Improving Colonoscopy Quality for Colorectal Cancer Screening in the National VA Healthcare System
a study on Colorectal Cancer Colorectal Tumor
- for people ages 18 years and up (full criteria)
- Healthy Volunteers
- healthy people welcome
- at San Francisco, California and other locations
- study startedestimated completion
- Principal Investigator
- by Tonya R. Kaltenbach, MD
High quality screening colonoscopy is critical for colorectal cancer (CRC) prevention in Veterans. There is significant variability in colonoscopy quality in VA that is directly linked to differences in CRC incidence and death. The investigators developed the VA Endoscopy Quality Improvement Program (VA-EQuIP) that the National GI program office will implement using centralized quality measurement and reporting for adenoma detection rates (ADR), bi-annual audit and feedback with provider benchmarking to local and national performance, and collaborative learning to support colonoscopy quality improvement. Using a cluster randomized controlled trial, the investigators will study the implementation of VA-EQuIP and determine the efficacy of its intervention on adenoma detection rates, which are directly linked to CRC incidence and death.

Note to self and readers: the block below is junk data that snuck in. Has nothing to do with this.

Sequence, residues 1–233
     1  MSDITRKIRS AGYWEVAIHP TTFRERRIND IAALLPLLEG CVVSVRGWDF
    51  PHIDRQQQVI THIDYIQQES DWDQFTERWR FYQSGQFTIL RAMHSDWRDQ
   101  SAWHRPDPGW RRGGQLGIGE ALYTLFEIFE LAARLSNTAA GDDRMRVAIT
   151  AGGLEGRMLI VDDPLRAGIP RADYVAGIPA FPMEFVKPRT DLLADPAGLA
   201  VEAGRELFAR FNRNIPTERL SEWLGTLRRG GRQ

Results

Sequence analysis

Colorectal cancer (CRC) prevention is a top VA priority. Veterans are highly impacted by CRC, the third most common cancer diagnosed5,6 with a 3-year mortality rate of 35%.5 Colonoscopy screening can save lives, and is the cornerstone of effective prevention. The National Polyp Study showed that removal of adenomas during screening colonoscopy decreases the subsequent development of CRC by up to 90% and death by up to 50% in comparison to historical controls. In VA, colonoscopy is the primary CRC screening modality with over 200,000 colonoscopies performed each year.9 Eighty-two percent of Veterans are up-to-date on CRC screening, with 89% having a colonoscopy.9 However, the quality of those VA colonoscopies is unknown.